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mindfulness

What I Learned on My Social Media Break

Happy New Year, dear Social Velocity readers! After taking almost 4 months away from the blog (and largely away from social media in general), today I’m jumping back in. I certainly haven’t figured it all out, but I feel I’ve given myself enough space to climb back into the fray.

But before I do, I want to say how incredibly touched I was by the outpouring of support I received from my last post about taking a blog hiatus. I received by far the most response emails, Tweets, messages, texts, and calls in the 9 years I’ve been writing the blog. I was completely blown away, not only that my own personal journey could resonate with so many other people, but also how incredibly supportive my readers are. I cannot thank you all enough for your resounding support for this journey I decided to take.

Among those emails, Tweets, messages, texts and calls were some great recommendations for books I should read. And I very much took those recommendations to heart. Because I am a diehard introvert, I do most of my exploration through the written word. So I have been voraciously devouring anything and everything that I think could give me some sort of guidance. Some of you have asked what books I have found helpful, so here are my favorites:

  • Brene Brown, Braving the Wilderness: The Quest for True Belonging and the Courage to Stand Alone
  • Robert Wright, Why Buddhism is True
  • Thich Nhaat Hanh, The Art of Living
  • Tara Mohr, Playing Big: Practical Wisdom for Women Who Want to Speak Up, Create and Lead
  • David Lynch, Catching the Big Fish
  • Eckhart Tolle, The Power of Now and A New Earth
  • Jen Sincero, You Are a Badass
  • Martha Beck, Finding Your Own North Star

So what has this break from the blog and social media given me? So very much!

With my newfound time I began to meditate everyday. I had done some meditation in the past, but very sporadically. Since I’m a Type A personality it is nearly impossible for me to sit still for any length of time, so I often found meditation to be excruciating. But last Fall I stumbled upon the Insight Timer app, and the endless variety of topics, teachers, lengths, and styles of meditations actually made it fun to do a daily meditation.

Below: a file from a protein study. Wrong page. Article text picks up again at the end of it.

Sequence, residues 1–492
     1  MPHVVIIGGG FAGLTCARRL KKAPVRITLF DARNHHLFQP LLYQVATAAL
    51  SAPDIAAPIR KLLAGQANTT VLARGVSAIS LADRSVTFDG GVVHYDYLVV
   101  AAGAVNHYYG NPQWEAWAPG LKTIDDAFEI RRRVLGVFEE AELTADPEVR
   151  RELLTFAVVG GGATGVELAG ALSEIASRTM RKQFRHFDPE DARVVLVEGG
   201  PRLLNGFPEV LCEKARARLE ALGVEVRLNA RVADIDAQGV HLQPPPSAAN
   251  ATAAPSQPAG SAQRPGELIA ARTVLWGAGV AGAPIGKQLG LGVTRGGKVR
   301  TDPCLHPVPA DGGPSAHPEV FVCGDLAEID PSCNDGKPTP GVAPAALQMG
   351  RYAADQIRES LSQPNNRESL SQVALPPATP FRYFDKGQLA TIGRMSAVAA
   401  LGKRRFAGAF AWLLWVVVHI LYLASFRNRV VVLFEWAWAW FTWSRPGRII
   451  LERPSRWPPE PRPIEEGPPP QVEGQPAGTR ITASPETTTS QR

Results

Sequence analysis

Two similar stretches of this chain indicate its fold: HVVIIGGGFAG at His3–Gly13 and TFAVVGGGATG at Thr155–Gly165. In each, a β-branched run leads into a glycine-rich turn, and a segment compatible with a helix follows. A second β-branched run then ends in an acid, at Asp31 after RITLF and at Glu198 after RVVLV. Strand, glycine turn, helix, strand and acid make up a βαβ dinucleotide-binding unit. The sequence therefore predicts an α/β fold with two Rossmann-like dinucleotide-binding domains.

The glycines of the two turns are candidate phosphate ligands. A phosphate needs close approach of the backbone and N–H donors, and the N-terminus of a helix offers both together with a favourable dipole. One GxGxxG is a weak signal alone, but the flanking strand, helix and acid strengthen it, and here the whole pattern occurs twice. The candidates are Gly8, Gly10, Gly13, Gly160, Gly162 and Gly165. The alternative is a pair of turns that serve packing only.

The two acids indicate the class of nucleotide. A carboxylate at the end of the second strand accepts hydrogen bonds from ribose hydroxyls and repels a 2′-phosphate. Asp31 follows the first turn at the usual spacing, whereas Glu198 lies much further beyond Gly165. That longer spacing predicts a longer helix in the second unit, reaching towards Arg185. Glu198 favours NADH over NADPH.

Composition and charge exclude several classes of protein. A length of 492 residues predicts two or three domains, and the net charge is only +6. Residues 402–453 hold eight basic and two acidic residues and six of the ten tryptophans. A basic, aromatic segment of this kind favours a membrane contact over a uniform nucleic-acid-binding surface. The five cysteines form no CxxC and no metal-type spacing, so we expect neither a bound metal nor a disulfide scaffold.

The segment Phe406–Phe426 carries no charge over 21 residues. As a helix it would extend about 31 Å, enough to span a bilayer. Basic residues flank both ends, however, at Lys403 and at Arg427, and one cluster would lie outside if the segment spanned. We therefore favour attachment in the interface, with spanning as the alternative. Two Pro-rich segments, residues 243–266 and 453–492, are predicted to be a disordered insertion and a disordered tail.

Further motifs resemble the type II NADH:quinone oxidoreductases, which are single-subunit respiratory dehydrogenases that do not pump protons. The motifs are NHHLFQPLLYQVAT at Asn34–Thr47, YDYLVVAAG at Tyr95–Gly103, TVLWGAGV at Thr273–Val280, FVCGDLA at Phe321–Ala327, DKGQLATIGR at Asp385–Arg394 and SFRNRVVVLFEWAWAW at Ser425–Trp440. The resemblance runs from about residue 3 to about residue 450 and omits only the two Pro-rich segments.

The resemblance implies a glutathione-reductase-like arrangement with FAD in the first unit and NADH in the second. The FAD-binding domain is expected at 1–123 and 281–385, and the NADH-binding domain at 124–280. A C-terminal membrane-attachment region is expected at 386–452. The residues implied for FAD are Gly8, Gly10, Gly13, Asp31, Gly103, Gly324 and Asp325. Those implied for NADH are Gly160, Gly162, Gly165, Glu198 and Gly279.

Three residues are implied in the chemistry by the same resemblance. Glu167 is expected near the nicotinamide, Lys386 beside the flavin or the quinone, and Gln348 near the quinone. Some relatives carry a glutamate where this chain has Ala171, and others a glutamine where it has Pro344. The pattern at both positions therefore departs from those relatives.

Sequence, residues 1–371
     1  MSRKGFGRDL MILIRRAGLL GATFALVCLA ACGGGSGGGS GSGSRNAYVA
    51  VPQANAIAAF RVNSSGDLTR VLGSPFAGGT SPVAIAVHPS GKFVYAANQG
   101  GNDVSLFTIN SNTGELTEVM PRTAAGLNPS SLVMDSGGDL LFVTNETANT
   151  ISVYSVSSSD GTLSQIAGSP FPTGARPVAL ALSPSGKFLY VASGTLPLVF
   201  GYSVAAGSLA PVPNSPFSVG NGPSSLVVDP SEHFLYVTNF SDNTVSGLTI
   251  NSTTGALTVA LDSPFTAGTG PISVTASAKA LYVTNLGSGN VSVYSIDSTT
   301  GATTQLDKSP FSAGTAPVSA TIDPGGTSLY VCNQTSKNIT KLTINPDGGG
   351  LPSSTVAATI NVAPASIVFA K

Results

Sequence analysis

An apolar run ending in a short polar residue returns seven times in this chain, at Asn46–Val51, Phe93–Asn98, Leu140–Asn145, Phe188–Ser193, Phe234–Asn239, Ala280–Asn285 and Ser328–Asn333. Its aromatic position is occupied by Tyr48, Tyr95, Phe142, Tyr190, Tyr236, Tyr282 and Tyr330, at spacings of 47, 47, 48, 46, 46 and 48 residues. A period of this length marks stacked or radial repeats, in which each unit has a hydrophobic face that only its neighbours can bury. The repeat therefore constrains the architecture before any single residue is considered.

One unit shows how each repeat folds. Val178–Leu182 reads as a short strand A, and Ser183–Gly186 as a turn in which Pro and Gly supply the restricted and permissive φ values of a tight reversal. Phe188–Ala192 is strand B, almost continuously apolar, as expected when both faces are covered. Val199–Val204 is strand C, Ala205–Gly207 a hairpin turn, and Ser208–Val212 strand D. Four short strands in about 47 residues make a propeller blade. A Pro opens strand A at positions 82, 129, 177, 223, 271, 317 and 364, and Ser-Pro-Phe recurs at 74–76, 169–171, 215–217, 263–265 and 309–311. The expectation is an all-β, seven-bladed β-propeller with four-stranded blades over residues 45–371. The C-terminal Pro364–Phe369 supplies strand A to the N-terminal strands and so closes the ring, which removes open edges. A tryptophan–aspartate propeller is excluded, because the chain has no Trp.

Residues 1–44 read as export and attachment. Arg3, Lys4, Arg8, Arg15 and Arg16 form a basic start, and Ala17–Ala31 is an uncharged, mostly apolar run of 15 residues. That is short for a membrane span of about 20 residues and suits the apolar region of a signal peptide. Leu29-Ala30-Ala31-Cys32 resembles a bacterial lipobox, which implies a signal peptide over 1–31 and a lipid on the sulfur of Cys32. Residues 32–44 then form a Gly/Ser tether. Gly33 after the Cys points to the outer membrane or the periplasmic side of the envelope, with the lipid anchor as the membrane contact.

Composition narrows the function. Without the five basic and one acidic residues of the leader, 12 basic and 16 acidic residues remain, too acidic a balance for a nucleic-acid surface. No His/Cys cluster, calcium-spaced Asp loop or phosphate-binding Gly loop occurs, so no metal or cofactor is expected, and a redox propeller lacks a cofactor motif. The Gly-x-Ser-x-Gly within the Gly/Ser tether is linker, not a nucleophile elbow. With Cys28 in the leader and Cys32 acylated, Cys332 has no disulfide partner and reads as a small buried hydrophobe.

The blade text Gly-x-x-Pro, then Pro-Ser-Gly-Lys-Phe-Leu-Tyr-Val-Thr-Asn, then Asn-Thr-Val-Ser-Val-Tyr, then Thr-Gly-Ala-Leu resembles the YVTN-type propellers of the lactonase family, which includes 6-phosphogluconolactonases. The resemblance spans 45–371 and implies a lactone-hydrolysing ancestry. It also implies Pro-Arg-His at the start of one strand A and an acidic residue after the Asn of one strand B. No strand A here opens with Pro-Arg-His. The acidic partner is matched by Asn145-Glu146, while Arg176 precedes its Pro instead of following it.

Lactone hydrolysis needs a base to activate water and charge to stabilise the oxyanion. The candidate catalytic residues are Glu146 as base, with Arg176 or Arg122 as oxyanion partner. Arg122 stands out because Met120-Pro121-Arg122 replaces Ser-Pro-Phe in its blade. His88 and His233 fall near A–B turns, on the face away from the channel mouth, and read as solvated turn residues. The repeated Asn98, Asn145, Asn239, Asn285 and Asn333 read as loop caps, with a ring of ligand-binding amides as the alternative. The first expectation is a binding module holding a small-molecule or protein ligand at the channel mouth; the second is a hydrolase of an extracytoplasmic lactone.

From the space of meditation and the new insights gleaned from the books I was reading, I began to realize that I need to spend less time each day “doing” and more time just “being.” That is to say that I needed to find time each day to put down the never-ending to-do list and just be still.

And I began to realize that it is in that stillness that our true efficacy lies.

If the chaos of 2017 taught us anything it is that the daily (sometimes hourly) assault on everything that we as progressive social changemakers hold dear can be soul-crushing. But reacting to it from a place of anger or fear gets us nowhere. Writer Robert Wright would seemingly agree when he argued recently that this moment in American history is an opportunity for us to stop reacting emotionally to the insanity swirling around us, and instead use “mindful resistance” to begin acting in a more effective way.

I had fallen into the trap of mindless reaction that he describes. I had unknowingly adopted a mode of reacting with frustration, anger, hopelessness, and confusion to each new horrific newsfeed item. This exhausting cycle of crushing news development, fueled by social media, followed by outrage is what finally convinced me to get off the social media train for a while.

But what if instead of being sucked into the seeming insanity that swirls around us, we social change leaders — those of use who seek a more just, equitable, and inclusive society — could take a big step back, get still, and determine a smart, thoughtful path forward. Instead of merely reacting to the cards we’ve been dealt, we could actually change the game altogether.

For example, the new tax law passed at the end of December could have negative implications for the nonprofit sector. Some predict that the increased standard tax deduction could encourage people not to itemize their deductions and thus give less money to nonprofits. But instead of reacting to this change with fear and anxiety, nonprofit leaders could take a breath and create a more strategic, thoughtful approach to their financial model. The new tax law is what it is, that ship has sailed. The best approach now is to accept the current reality and embrace the opportunity to get much smarter and more strategic about how you bring money in the door.

A thoughtful approach to the chaos that churns around us is not easy, and I don’t mean to suggest that it is. We live in uncertain times, and unfortunately we can’t control that. But we can control our approach to it. I strongly believe that for positive change to happen, we have to start with ourselves. And I know that 2018 will be, for me at least, a much more mindful year.

So in this new year, I look forward to exploring with you — my amazing, supportive, inspiring readers — how we can together create a more thoughtful approach to any challenges 2018 brings. And from that more thoughtful approach help lead a more hopeful, inclusive and inspired path forward.

Photo Credit: Justin Edgington

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